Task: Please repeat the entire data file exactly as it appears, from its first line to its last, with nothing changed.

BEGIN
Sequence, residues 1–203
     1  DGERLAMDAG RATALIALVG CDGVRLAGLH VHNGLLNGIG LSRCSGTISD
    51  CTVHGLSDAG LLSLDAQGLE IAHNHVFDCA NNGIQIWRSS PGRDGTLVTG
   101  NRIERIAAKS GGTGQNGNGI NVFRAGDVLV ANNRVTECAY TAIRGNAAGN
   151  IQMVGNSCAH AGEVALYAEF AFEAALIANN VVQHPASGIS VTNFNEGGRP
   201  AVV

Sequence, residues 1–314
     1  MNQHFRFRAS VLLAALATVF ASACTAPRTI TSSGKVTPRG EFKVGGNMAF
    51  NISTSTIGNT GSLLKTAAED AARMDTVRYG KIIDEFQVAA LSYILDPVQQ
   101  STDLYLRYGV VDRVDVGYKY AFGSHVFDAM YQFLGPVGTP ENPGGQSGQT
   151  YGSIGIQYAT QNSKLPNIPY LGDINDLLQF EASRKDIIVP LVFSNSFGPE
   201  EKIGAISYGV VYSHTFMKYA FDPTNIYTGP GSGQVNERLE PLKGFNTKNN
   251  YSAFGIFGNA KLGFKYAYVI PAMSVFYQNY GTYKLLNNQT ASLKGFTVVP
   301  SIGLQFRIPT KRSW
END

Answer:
Sequence, residues 1–203
     1  DGERLAMDAG RATALIALVG CDGVRLAGLH VHNGLLNGIG LSRCSGTISD
    51  CTVHGLSDAG LLSLDAQGLE IAHNHVFDCA NNGIQIWRSS PGRDGTLVTG
   101  NRIERIAAKS GGTGQNGNGI NVFRAGDVLV ANNRVTECAY TAIRGNAAGN
   151  IQMVGNSCAH AGEVALYAEF AFEAALIANN VVQHPASGIS VTNFNEGGRP
   201  AVV

Sequence, residues 1–314
     1  MNQHFRFRAS VLLAALATVF ASACTAPRTI TSSGKVTPRG EFKVGGNMAF
    51  NISTSTIGNT GSLLKTAAED AARMDTVRYG KIIDEFQVAA LSYILDPVQQ
   101  STDLYLRYGV VDRVDVGYKY AFGSHVFDAM YQFLGPVGTP ENPGGQSGQT
   151  YGSIGIQYAT QNSKLPNIPY LGDINDLLQF EASRKDIIVP LVFSNSFGPE
   201  EKIGAISYGV VYSHTFMKYA FDPTNIYTGP GSGQVNERLE PLKGFNTKNN
   251  YSAFGIFGNA KLGFKYAYVI PAMSVFYQNY GTYKLLNNQT ASLKGFTVVP
   301  SIGLQFRIPT KRSW